Following Your Gut

A few years ago, it’s likely that most Americans hadn’t heard the word “microbiome.” This term describes the vast collection of bacteria and fungi that live in and on our bodies — 100 trillion or so, give or take a few trillion. But lately, discussing and worrying about our microbiomes has become something of a cultural phenomenon. Mainstream magazines and newspapers have followed and fueled this trend, profiling the science as well as the extreme measures some people take to support the colonies of critters living in their intestines. And in the last year, we at have described how the right bacteria in your gut (digestive tract) may be able to help you both lose weight and control your blood glucose levels.


But supporting your microbiome can come at a price — something that not every article on the topic is quick to acknowledge. Earlier this month, U.S. News & World Report published a piece by a dietitian discussing the tradeoffs that come with trying to eat with your gut bacteria in mind. The piece notes that contrary to the hype surrounding “indigestible” foods — those that your digestive enzymes can’t break down, passing into your colon to nourish the bacteria there — your body definitely needs foods that can be digested by the body’s own enzymes. In fact, highly indigestible diets can lead to malnutrition, even if the foods being consumed are considered highly nutritious. This is because the body may not be able to break down plant carbohydrates and certain nutrients efficiently unless they are heated ahead of time (affecting followers of raw diets, especially), and because such diets may simply not supply enough calories or digestible protein for the body to maintain its functions effectively.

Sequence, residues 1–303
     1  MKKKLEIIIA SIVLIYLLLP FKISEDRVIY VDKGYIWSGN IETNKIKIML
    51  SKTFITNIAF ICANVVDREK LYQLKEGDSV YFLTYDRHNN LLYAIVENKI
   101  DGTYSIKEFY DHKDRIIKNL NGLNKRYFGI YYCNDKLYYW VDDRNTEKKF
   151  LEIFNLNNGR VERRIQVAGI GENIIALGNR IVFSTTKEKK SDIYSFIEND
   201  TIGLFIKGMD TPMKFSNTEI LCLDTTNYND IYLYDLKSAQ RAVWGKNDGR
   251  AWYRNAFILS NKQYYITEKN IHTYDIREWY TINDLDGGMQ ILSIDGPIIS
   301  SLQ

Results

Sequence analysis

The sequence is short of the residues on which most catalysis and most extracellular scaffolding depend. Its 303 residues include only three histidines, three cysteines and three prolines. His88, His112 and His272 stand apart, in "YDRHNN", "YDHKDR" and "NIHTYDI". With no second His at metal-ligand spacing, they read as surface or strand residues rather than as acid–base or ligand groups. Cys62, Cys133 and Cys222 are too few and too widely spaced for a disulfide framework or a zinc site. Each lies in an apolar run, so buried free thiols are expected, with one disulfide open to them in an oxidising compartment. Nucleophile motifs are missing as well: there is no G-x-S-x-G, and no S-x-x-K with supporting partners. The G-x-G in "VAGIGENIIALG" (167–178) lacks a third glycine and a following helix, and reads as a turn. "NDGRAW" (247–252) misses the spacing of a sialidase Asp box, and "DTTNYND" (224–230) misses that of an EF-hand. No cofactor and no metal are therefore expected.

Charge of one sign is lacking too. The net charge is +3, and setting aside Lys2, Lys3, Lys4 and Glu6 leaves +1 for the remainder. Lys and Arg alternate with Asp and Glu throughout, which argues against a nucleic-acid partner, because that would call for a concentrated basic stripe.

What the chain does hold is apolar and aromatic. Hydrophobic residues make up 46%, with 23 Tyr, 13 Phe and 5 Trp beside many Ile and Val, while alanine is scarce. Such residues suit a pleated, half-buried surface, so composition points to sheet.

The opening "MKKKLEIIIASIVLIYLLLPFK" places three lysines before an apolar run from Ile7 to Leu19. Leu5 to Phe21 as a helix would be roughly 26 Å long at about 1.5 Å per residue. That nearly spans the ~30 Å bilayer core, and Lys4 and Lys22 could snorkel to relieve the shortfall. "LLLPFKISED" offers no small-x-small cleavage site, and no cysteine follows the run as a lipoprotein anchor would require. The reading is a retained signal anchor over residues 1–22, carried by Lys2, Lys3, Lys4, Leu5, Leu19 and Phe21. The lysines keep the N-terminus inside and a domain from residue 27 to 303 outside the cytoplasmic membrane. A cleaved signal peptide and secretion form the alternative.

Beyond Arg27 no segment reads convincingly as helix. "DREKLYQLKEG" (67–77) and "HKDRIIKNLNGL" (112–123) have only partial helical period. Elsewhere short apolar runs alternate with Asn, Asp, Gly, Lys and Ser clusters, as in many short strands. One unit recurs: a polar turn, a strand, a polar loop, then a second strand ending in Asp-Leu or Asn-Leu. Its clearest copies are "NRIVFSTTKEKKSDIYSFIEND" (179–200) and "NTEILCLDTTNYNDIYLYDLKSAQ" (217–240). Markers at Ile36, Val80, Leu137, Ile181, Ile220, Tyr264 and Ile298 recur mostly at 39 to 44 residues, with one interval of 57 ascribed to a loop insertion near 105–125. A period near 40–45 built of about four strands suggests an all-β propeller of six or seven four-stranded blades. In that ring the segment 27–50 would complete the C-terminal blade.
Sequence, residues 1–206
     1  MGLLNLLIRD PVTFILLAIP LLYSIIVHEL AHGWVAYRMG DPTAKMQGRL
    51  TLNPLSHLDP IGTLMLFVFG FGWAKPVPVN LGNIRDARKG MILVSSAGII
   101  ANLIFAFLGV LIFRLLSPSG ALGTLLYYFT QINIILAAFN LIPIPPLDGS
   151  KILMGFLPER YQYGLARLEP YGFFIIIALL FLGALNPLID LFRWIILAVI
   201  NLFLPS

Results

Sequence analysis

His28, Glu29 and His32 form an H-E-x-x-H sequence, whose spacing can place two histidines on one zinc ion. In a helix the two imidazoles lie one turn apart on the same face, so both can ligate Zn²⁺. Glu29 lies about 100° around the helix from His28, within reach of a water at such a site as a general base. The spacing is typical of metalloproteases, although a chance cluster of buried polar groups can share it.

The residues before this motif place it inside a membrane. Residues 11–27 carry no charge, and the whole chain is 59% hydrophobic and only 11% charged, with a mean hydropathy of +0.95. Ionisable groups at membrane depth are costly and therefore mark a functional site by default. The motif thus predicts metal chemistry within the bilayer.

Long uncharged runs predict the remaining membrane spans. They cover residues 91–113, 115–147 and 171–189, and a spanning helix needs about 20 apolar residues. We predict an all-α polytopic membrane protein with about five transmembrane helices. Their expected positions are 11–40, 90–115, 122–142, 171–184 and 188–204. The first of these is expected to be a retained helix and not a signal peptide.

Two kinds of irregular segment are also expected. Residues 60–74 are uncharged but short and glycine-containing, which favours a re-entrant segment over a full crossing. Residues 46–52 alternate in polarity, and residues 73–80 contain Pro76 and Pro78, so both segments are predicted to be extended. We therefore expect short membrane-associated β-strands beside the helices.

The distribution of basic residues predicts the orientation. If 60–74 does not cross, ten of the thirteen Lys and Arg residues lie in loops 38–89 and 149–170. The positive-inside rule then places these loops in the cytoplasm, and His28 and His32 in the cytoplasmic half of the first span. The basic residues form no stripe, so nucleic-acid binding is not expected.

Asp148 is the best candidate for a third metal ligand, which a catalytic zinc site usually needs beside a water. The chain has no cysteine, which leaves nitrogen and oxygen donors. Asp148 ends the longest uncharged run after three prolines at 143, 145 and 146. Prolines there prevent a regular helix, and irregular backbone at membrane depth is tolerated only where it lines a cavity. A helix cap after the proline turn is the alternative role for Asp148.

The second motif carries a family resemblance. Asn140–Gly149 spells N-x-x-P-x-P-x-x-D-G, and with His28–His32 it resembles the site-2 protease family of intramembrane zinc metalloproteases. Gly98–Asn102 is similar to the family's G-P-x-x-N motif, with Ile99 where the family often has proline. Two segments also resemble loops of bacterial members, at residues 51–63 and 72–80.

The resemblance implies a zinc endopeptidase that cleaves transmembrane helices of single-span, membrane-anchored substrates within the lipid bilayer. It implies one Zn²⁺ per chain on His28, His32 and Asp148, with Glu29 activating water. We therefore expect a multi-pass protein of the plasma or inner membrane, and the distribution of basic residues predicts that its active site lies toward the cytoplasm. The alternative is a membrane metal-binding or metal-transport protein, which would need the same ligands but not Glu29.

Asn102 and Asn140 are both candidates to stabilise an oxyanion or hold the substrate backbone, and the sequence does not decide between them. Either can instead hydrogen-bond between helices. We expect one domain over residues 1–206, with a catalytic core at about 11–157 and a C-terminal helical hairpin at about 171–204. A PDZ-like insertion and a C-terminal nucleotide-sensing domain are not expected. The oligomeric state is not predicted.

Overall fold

Another issue is that eating too many indigestible foods can lead to discomfort in many people, which can include cramping, flatulence, and difficulty feeling satisfied for very long after a meal. Many of these problems can be reduced or avoided by combining highly indigestible foods — like artichokes, asparagus, beans, or cabbage — with more easily digestible grains and animal proteins.

Of course, for most Americans don’t follow a diet in which they should be worried about eating too many indigestible foods. The standard diet for many people still consists of highly processed, salty, and fatty foods that are digested all too easily by the body. For most these people, including as many indigestible foods as possible in the diet would pose no health danger. But it may still be important for people who want to change their diets not to switch completely from fast food and junk food to leeks, kale, and lentils, but also to whole grains and lean forms of protein such as fish, chicken, or tempeh.

What’s your take on your microbiome — do you think about it at all, or more than you did a few years ago? Do you try to include fermented foods (yogurt, kimchi, fresh sauerkraut) or bacteria-friendly fiber in your diet? If so, have you noticed any positive or negative changes in your body? Do you think the microbiome has been overhyped in the media, possibly at the expense of other important things to focus on — such as portion control, exercising, or controlling carbohydrate intake? Leave a comment below!

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